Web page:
Trial by Fire
The film plods at points, trudging along, and there are a few misguided narrative "devices" tacked on, but still, "Trial by Fire" bristles with anger.
Like the often
meaningless SAG Ensemble prize, there is still an idea in some people's minds that the
British Academy of Film and Television (the BAFTAs, handed out this past weekend) is a worthy prognosticator of who will win the Academy Awards. When will
they learn? Maybe because it is the last "major" group to throw their
two cents in before the final prizes are distributed, but there is too much to
suggest that they are not the ones to use to mark your Oscar pool ballot.
In the ongoing flip-flop of whether Oscar will reward "12 Years a Slave" or "Gravity", BAFTA went with Brit Steve McQueen's film. Over the years when the group has mismatched the eventual Oscar winner, they have often gone with the British production (or co-production.) A list that has included Best Picture winners like "Atonement", "The Queen" and even "The Full Monty". Conspiracy issues aside, they also chose "Gravity" as Best British Film at this weekend's ceremony; a head-scratcher that evidently comes down to Brit David Heyman being one of the film's producers (alongside Alfonso and Jonas Cuarón.)
In BAFTA's favor their last five choices for Best Picture did go on to win the Oscar. That's a remarkable streak that began after four years of completely whiffing with two of the aforementioned British films and then on "Brokeback Mountain" and "The Aviator", which were considered favorites at the time. "12 Years a Slave" and "Gravity" fall under the pattern of the 2004 and 2005 races (when "Crash" and "Million Dollar Baby" took top prize); close ones that could go either way and will keep even the most assured of pundits glued until the final award on March 2.
("Gravity") took BAFTA's award, continuing a string of awards that
includes Los Angeles, The Golden Globes, and the BFCA. He has won more than
twice as many director trophies as McQueen, and while BAFTA is a nice addition,
it is the Directors Guild prize that continues to loom large. Only twice since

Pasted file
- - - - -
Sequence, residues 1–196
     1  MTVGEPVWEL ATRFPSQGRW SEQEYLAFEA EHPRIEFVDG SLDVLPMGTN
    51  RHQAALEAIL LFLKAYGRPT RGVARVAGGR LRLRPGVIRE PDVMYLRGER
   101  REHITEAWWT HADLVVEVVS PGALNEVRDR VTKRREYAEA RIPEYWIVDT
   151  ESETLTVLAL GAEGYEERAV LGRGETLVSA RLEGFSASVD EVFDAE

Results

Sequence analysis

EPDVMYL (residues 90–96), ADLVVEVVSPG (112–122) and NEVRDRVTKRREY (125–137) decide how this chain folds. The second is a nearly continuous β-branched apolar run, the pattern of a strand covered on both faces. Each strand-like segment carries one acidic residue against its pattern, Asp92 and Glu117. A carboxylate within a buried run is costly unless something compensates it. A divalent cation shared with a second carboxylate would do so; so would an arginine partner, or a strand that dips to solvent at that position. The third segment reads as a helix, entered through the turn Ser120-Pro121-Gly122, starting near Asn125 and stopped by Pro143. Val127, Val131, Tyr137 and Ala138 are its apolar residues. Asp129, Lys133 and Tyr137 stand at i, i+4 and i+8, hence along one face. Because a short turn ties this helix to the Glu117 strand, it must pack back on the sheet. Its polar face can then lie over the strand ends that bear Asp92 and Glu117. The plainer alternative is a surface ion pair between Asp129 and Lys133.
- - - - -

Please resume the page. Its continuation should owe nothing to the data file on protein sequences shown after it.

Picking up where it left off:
2001 has the DGA winner not won the Oscar and one of those was last year when
Ben Affleck was not even nominated by the Academy. Compare that to BAFTA only
matching five times in those 12 years and it feels like a race that was over before BAFTA joined in the chorus.
BEST ACTOR & SUPPORTING ACTOR
Flipping the script on their own numbers, each category is 7-for-12 since '01 from BAFTA-to-Oscar. Their winners this year were Chiwetel Ejiofor ("12 Years a Slave") and Barkhad Abdi ("Captain Phillips"), respectively. But there is one major asterisk as to why these victories are meaningless. Neither Matthew McConaughey or Jared Leto were even nominated for "Dallas Buyers Club". At the time of the nominations, the film had not yet opened in Britain. Voters had screeners and it was eligible, so the cloud of its omission could be attributed to either them not liking the movie (which received zero nods) or enough voters simply did not bother to watch it. Seeing as how the last nine Screen Actors Guild winners for Best Actor and five of the last seven for Supporting Actor won the Oscar, McConaughey and Leto remain your favorites despite their BAFTA "snubs".
BEST ACTRESS & SUPPORTING ACTRESS
Cate Blanchett's BAFTA win gives her a virtual clean sweep through awards season. New York, Los Angeles and Chicago all for Blanchett. BFCA, the Globes and SAG also all went for Cate. Daniel Day-Lewis ("There Will Be Blood"), Colin Firth ("The King's Speech"), Helen Mirren ("The Queen"), Mo'Nique ("Precious") and Christoph Waltz ("Inglourious Basterds") are all recent recipients of such a sweep and each closed their run with an Oscar. Blanchett's latest win is also the first in the wake of the editorial he-said/she-said involving "Blue Jasmine" director Woody Allen that some have speculated could hurt her chances. But let's keep the speculation to something as meaningless as awards and let people seek the truth in the other matter.
If BAFTA has one record that should raise some eyebrows around the prognosticators, it is in the category of Supporting Actress. Not only have they correctly matched 10 of the last 12 Oscar winners, but the last four times they missed, going back to 1996 the eventual Oscar recipient failed to even be nominated by the Brits. Kim Basinger ("L.A. Confidential"), Angelina Jolie ("Girl, Interrupted"), Marcia Gay Harden ("Pollock") and Rachel Weisz ("The Constant Gardener") were all snubbed by BAFTA. You have to go back to 1995 to see a true miss (when Mira Sorvino lost to Kate Winslet for "Sense and Sensibility"). This year's winner was Jennifer Lawrence ("American Hustle") who is in a see-saw battle with SAG winner Lupita Nyong'o ("12 Years a Slave"). If we are going to continue hearing how much the BAFTAs matter to the race for Oscar, those beating that drum should be rooting for Lawrence to settle this virtual tie.
This message came to me from a reader named Peter Svensland. He and a fr...